Sending CV by Email: Subject, Writing and Tips
Written by Mike Potter, Author • Last updated on 10 July 2024

Sending CV by Email: Subject, Writing and Tips

Sending your CV by email is one of the most effective methods of applying for jobs. It can make your application more visible than using online application forms or portals, and it’s more efficient than sending a CV and cover letter by mail. In this article, we discuss how to send your CV by email, including tips on writing an impactful subject line and a compelling email cover letter.

Why sending a good email with your CV is important

Sending your job application by email ensures it lands directly in the hiring manager’s inbox. They’re more likely to read it in detail than if they receive it as part of a batch of applications from an online portal. As such, writing a strong accompanying message when sending your CV by email can really help your chances of success.

Your email message will be the first thing the employer reads before opening your CV. First impressions count for a lot, so it’s important to make sure it’s well-written, with a professional tone. Your email message can act as your cover letter for email applications, so it’s crucial that you introduce yourself, explain why you want the job and outline some of your key skills and experience in your message. Aim for a neatly formatted, clear and concise email that encourages the employer to read your CV in detail.

Expert Tip:

CV emails can be less formal than a standard cover letter, but they should still be focused and to-the-point. Clearly identify the purpose of your email in your subject line and make the body text of your email direct and clear. Using pleasantries and greetings that are less formal than a standard letter can give your email a personal touch, but remember to remain as concise as possible.

How to email your CV

If you want to send the perfect email accompanying your CV, read our guide below. The guide describes each step towards writing an email that’ll make a positive first impression with employers.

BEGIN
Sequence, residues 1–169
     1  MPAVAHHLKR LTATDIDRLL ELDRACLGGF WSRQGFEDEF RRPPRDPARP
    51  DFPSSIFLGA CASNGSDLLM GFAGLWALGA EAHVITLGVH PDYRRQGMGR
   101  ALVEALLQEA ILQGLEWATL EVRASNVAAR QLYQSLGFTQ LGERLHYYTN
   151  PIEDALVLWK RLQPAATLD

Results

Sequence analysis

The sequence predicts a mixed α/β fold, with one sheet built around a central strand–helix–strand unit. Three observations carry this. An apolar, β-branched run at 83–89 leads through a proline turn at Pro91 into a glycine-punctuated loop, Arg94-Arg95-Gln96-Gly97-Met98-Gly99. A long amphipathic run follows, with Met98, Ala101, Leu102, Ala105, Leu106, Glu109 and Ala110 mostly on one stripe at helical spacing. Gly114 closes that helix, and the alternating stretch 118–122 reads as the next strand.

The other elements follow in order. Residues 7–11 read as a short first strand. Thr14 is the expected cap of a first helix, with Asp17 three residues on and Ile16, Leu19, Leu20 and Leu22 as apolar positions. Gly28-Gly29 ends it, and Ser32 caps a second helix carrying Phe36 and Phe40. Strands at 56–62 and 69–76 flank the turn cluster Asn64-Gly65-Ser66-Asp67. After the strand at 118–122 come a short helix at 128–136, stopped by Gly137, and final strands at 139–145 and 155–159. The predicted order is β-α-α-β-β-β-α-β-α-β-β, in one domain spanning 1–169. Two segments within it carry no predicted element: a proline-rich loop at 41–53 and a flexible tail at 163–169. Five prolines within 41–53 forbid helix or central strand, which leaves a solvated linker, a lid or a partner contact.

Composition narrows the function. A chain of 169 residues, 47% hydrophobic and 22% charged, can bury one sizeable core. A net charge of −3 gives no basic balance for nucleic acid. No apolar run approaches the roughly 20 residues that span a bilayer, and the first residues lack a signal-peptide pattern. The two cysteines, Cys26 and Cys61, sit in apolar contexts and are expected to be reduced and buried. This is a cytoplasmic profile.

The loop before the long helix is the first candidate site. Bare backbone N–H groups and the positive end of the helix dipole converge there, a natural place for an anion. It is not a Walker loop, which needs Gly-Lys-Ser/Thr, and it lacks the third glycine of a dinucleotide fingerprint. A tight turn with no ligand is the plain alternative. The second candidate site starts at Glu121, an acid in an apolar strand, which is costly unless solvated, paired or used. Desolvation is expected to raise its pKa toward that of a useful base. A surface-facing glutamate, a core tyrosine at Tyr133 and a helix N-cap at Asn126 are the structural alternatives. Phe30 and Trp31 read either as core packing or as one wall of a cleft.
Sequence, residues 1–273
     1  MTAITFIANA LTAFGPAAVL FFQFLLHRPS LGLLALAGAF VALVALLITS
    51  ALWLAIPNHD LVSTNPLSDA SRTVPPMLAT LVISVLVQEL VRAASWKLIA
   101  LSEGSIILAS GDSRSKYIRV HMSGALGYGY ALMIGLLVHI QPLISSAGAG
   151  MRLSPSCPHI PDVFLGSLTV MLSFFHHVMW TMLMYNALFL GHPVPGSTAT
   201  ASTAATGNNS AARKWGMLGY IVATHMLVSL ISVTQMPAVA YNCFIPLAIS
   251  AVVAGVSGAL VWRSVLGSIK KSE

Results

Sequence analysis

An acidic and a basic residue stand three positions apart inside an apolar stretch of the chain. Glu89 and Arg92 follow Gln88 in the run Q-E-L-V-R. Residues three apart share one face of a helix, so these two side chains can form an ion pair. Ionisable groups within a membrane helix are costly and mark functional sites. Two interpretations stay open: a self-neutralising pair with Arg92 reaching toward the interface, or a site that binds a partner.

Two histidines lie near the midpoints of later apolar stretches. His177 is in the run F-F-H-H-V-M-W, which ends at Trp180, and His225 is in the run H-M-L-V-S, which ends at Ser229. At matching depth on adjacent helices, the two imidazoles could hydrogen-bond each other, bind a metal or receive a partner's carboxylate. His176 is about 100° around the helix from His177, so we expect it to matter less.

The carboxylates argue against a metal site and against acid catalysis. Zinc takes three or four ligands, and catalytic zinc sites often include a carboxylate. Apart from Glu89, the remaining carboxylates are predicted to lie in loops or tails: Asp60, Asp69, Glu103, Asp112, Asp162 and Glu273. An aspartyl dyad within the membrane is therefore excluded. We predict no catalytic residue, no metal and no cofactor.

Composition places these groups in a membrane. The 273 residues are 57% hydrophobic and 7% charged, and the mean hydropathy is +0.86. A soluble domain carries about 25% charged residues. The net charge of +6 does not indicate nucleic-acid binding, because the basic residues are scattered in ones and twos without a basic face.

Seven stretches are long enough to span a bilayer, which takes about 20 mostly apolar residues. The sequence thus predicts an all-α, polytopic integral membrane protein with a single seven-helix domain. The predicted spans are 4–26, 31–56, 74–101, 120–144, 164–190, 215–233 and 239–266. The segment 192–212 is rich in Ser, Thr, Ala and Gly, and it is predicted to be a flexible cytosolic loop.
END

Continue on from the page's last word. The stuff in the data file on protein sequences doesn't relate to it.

Subject line of your email

The subject line of your email is the introduction to your application. It’s crucial to make your subject line clear and obvious, so the reader knows what they’re opening when they click on your email. Include the words ‘job application’ or similar, add the job title for the role and your name. For example, a clear, direct subject line could be ‘Adam Harmison — Project Manager Job Application’.

Addressing the hiring manager

Email is a less formal communication method than letter writing, so there’s no need to use outdated, formal greetings. If you know the name of the hiring manager or recruiter, include their first name for a personal touch. For example, you could write ‘Dear Elaine,’ or ‘Hi Elaine,’. If you don’t know the name of the hiring manager, you could just open your email with ‘Hi,’.

Body of the email

The body content of the email will depend on whether you’re sending a separate cover letter, or whether you’re writing your cover letter in the email itself. For most email applications, it’s more effective to use the email itself for your cover letter, rather than attaching a separate cover letter. Recruiters and employers are more likely to read an email message than an attached letter.

You might want to open your email with a pleasantry to show courtesy, such as ‘I hope this email finds you well’. If you’re including a separate cover letter, your email can simply confirm the job you’re applying for, and direct the reader to the attachments. Include a call to action to encourage the reader to contact you for further discussion.

If you’re using your email as your cover letter, explain the role you’re applying for, why you’re applying for it and how it fits with your experience and ambition. Add a sentence directing the reader to your attached CV. Write a paragraph outlining your relevant skills, experience and achievements. Finish by emphasising your enthusiasm for the opportunity, thanking the employer for considering your application and adding a call to action to keep the dialogue open between yourself and the employer.

Ending the email

Signing off your email doesn’t need to be as formal as a traditional letter, but there are some details you should include. You can use a slightly more formal sign-off, such as ‘Sincerely,’ or a less-formal one such as ‘Regards,’, ‘Best regards,’ or ‘Best wishes,’. Under this, add your full name, your email address and your telephone number. If you have a website or LinkedIn profile, you could also add these here.

Your email message will be the first thing the employer reads before opening your CV. First impressions count for a lot, so it’s important to make sure it’s well-written, with a professional tone.

Examples of an email for your CV

Take a look at the examples below for inspiration writing your own CV emails. The first example is a short email for applications where you’re including a cover letter separately. The second example is a longer email that includes a cover letter in the body text of the email.